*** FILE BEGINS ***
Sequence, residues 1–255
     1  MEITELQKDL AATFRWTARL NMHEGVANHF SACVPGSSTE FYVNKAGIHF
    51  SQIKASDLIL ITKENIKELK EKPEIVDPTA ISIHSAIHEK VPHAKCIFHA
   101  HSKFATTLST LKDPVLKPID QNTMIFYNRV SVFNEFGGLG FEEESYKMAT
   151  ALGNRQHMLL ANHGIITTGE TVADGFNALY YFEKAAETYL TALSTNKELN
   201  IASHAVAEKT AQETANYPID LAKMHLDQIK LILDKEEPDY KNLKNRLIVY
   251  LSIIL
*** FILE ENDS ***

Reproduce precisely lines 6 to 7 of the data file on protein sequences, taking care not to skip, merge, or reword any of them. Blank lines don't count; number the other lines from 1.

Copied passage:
   201  IASHAVAEKT AQETANYPID LAKMHLDQIK LILDKEEPDY KNLKNRLIVY
   251  LSIIL